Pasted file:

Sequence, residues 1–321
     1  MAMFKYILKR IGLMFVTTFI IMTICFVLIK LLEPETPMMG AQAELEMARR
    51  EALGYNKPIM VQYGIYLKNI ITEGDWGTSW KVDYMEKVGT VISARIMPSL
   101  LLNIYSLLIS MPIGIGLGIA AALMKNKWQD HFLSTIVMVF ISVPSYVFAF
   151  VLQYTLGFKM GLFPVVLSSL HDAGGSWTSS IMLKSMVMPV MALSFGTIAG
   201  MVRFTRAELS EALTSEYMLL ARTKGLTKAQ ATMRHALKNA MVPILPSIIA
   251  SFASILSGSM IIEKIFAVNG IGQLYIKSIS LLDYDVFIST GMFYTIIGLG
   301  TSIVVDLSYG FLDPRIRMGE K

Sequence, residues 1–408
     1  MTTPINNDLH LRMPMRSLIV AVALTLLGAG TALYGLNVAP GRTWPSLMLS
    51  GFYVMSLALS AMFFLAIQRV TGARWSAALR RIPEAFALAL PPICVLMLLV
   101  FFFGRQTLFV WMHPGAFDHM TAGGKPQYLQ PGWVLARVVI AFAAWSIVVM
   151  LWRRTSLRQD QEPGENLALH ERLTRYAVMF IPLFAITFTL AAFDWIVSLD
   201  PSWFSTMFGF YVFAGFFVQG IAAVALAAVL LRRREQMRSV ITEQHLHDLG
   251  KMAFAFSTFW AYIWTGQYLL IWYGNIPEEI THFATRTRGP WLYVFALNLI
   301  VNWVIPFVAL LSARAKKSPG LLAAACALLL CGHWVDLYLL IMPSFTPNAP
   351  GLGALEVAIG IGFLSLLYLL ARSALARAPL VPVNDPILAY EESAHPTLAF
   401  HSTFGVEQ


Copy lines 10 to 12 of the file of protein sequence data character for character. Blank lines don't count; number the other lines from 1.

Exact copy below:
     1  MTTPINNDLH LRMPMRSLIV AVALTLLGAG TALYGLNVAP GRTWPSLMLS
    51  GFYVMSLALS AMFFLAIQRV TGARWSAALR RIPEAFALAL PPICVLMLLV
   101  FFFGRQTLFV WMHPGAFDHM TAGGKPQYLQ PGWVLARVVI AFAAWSIVVM